HANDMADE WINDSOR CHAIR
MADE IN RHODE ISLAND
A MODERN WINDSOR CHAIR
WOOD WADING STAFF
I have been making this modernized Windsor chair for fifteen years.
This is the current chair.
It has a classic silver blue milk paint seat.
The crest, legs and spokes are ash or oak.
I TRY TO KEEP TWO MATCHED CHAIRS
IN MY SHOP. CURRENTLY THE TWO ARE
THE HANDMADE WINDSOR CHAIRS PICTURED BELOW
(WITH SILVER BLUE MILK PAINT SEATS.)
I USE DIFFERENT COLORS AS WELL.
About Windsor Chairs
The Windsor Chair evolved from early woodworking shops in
Wales, Ireland and England in the 1600s. These chair gradually took the forms more
resembling the familiar Windsor chairs (bent crest with spokes or arched back with spokes)
in the seventeenth century in England. The first of the now familiar Windsor chairs were shipped
to dealers in London from a town called Windsor in the Berkshire district during the 18th century.
The Windsor chair has two basic forms: the sweeping arch backed
(an upside down arch that received the spokes) and the crested back
(such as the chair I make.) Variations included fancy shaping of
the crest and elaborate turning (lathe work) in the rungs across the legs that help
hold the legs in place. These displays reflected the skills of the early chair makers
and also were enabled by the division of labor among the shops that produced
early Windsor chairs: there were carvers that decorated the Windsor crests, turners
who designed and produced the rungs and carvers who shaped the
scooped Windsor chair seats that almost all Windsor chair makers featured.
Windsor chairs were imported into America in the early 18th century and shops,
first in Pennsylvania, began producing them here shortly afterward. American Windsor design
evolved in their own direction, specifically into deeper carved and thicker seats. The
tenoning and wedging of the upper leg into the Windsor seat was common in all
the best made Windsor chairs. (In fact a properly designed and executed leg to seat
joint (tenoned and wedged into a thick seat) is so strong that
reinforcing rungs (or in my case the arched buttresses) may hardly be needed.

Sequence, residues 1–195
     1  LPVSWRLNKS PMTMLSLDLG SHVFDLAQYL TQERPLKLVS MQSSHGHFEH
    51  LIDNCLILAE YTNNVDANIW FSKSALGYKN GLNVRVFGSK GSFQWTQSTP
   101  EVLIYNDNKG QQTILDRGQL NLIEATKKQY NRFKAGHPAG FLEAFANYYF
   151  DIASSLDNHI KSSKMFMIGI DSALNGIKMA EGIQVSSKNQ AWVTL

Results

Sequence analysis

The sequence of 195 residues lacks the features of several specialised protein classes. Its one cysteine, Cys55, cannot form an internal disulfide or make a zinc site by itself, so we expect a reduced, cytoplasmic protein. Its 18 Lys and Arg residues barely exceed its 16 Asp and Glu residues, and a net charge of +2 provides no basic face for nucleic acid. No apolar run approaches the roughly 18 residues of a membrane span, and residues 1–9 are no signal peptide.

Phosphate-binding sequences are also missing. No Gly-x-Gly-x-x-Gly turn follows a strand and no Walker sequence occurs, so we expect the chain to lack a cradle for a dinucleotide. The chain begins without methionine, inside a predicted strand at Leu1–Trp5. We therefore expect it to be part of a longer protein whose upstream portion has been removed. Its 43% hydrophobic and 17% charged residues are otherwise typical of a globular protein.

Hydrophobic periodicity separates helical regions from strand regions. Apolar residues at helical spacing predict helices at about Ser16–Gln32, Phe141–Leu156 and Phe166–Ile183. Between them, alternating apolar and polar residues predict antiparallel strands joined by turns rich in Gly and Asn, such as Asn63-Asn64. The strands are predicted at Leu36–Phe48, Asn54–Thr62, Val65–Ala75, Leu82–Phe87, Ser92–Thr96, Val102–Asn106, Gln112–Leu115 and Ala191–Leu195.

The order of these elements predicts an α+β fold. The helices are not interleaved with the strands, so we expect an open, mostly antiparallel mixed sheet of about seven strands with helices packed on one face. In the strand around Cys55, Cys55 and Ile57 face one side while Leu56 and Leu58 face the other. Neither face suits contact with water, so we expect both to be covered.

Two factors keep the Windsor chair in such popular demand: one is their longevity:
a properly made Windsor chair is rarely sent in for repairs. Windsor chairs have lasted,
in use, for a couple of hundred years !
The modern design that I use is of unknown origin. The original inspiration was a magazine
picture that I posted of this modern Windsor chair on the bulletin board in my shop
years before I began making them ! I keep at least two matching chairs in
my shop here in southern Rhode Island as best I can.
There are features in this hand made Windsor chair that defy factory mass production.
The joinery of the parts in the modern Windsor is as complex as in any crest back chair
(even more because of the unique arch buttresses)
so that the assembly and gluing is not something that an unskilled worker can accomplish.
Another aspect that can only be executed in this particular Windsor chair is the geometry
and execution of the arched buttresses which are let into the upper leg and then attached
to the Windsor seat under side. There is very fussy detailing in the making of these
arches and in their joinery to the chair.
There are many individuals and small shops that are making high quality
Windsor chairs, featuring the unmistakable quality and character that cannot
be found in the repetitive monotony of mass production Windsor chairs.
You might use your computer to search for the hand made Windsor
chair that suits your tastes and budget.
THE WOOD WADING STAFF
I designed this wading staff to replace my Orvis folding staff.
Typical wading staffs are held like skis, the hand surrounding the shaft
and making much less efficient wading than this wood staff.
This attaches via a rope to my belt and when not in use floats
conveniently downstream from me for easy retrieval.
The staff is perfect for my five foot ten height and will be eminently
suitable for any fishers between five foot seven and six foot two.
Bearing down on it, like a cane, allows for much surer wading than
with the typical wading staff.
I make these using 1 1/4" thick poplar and I inlay strips of mahogany
or walnut befitting the class of this staff. Poplar is light and sturdy
and the dimesions provide perfect "purchase" upon the bottom.
Each wading staff is varnished with three coats of marine spar varnish.
Pictured is my own staff. I do provide a D-ring for attaching a rope.
I do not add the rope. The D-ring is attached with a silicon bronze screw.
Below is a picture of the wood wading staff.